Recalling his state of mind in the early days of solitary confinement, he eloquently described the debilitating anxiety, the preoccupation with his own fate above that of others, the gnawing conviction that he would die. He recalled the dread of letting his comrades down were he to break under torture. To shut out these fears he spent hours reciting whatever poetry or songs he could remember. Anything to preoccupy his mind. Years later, he exclaimed,

“Whoever would have imagined… that in adult life, ‘Humpty Dumpty’ would make such a positive contribution towards keeping one’s mind occupied and sane?”

Who indeed.

Despite the privation and mistreatment, Kathrada and his comrades emerged from their enforced isolation even more convinced that the only way forward for their country was as a non-racial homeland for all South Africans – valuing the contribution of all, whatever their colour. The Rainbow Nation was what they had lived, sacrificed and been prepared to die to for.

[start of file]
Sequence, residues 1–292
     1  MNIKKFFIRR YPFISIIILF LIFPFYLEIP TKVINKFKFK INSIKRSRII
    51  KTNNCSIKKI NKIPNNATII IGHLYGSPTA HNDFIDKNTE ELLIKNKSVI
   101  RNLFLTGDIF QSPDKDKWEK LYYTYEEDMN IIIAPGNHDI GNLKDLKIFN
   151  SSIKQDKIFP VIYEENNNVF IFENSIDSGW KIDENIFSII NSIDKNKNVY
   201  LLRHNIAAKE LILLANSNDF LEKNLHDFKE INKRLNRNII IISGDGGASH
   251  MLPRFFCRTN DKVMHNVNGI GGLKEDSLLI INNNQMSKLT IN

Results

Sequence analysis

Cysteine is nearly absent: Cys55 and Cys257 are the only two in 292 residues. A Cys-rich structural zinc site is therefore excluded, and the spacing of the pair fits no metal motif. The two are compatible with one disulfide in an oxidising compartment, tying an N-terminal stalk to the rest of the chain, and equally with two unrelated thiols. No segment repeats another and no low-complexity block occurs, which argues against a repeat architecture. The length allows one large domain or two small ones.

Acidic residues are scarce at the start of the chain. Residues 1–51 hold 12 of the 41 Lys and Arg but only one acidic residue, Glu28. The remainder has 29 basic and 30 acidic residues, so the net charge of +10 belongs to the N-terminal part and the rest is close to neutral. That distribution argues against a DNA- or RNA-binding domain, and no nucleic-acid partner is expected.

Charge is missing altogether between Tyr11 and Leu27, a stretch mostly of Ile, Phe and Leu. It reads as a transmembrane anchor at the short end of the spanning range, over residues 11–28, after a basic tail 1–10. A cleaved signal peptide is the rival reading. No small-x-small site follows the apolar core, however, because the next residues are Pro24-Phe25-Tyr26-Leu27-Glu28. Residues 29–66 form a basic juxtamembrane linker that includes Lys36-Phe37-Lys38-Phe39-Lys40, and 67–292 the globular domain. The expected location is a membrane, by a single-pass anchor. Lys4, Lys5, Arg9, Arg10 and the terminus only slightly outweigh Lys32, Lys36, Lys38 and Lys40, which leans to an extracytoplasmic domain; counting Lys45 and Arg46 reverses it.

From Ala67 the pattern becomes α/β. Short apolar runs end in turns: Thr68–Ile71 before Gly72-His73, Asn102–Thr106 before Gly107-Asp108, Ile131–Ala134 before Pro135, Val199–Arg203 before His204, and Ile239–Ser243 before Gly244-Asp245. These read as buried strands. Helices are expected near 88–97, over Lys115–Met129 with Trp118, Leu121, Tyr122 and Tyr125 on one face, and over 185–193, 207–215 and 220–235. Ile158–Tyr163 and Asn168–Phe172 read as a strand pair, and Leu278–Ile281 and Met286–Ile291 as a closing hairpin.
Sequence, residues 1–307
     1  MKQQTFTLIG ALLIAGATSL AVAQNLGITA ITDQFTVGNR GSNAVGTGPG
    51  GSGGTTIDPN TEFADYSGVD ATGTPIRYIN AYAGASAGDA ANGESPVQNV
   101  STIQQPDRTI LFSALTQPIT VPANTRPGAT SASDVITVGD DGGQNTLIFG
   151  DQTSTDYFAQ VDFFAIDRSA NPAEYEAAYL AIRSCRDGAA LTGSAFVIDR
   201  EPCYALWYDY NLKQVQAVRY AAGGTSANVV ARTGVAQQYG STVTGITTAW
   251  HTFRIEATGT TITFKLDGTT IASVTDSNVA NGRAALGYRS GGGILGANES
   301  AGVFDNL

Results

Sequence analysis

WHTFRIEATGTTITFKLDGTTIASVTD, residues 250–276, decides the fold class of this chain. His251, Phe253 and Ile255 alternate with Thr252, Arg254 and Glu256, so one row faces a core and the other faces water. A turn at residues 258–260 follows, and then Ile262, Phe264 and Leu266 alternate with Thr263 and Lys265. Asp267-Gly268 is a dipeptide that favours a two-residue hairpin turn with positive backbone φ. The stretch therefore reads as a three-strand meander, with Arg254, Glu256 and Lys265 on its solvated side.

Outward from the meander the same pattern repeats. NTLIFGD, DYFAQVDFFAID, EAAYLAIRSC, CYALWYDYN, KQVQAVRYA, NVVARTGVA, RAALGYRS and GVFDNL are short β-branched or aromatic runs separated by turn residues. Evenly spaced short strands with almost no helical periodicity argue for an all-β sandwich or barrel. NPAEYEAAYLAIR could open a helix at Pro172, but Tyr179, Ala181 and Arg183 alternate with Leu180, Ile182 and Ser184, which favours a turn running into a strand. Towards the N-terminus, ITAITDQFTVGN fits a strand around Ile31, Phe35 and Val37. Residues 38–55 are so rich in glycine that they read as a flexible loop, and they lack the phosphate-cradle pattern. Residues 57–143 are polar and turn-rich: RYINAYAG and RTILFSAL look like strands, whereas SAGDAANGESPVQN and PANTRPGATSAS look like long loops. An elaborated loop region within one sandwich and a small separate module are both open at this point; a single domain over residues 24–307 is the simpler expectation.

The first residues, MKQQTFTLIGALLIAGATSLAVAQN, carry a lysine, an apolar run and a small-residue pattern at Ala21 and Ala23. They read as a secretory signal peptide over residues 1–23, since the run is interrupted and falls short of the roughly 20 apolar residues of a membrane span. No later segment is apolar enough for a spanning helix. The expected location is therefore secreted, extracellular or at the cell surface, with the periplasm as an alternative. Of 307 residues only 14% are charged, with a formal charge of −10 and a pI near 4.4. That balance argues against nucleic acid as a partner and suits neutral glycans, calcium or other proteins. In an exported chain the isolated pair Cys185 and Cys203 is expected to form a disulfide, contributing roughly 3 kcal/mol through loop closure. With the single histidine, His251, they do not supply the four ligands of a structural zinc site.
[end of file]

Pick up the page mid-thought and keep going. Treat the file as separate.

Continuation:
To the last this gentle, kind and humble man spoke out against racism, calling for justice and a better future for all. At the opening of the Robben Island Exhibition in Cape Town in 1993, he had said:

“While we will not forget the brutality of apartheid, we will not want Robben Island to be a monument to our hardship and suffering. We would want it to be a triumph of the human spirit against the forces of evil. A triumph of wisdom and largeness of spirit against small minds and pettiness; a triumph of courage and determination over human frailty and weakness; a triumph of the new South Africa over the old.”

With the death of Ahmed Kathrada, an eloquent advocate for justice and peace has been silenced. Part of our collective conscience as human beings has gone. We should hope that his legacy lives on.


The Centre has a fascinating collection of books on the struggle against apartheid, including Ahmed Kathrada’s  No Bread for Mandela. Memoir of Ahmed Kathrada. Prisoner No. 468/64  (published 2004)  and Nelson Mandela’s  The Illustrated Long Walk to Freedom  (published 1996). Come in and take a look.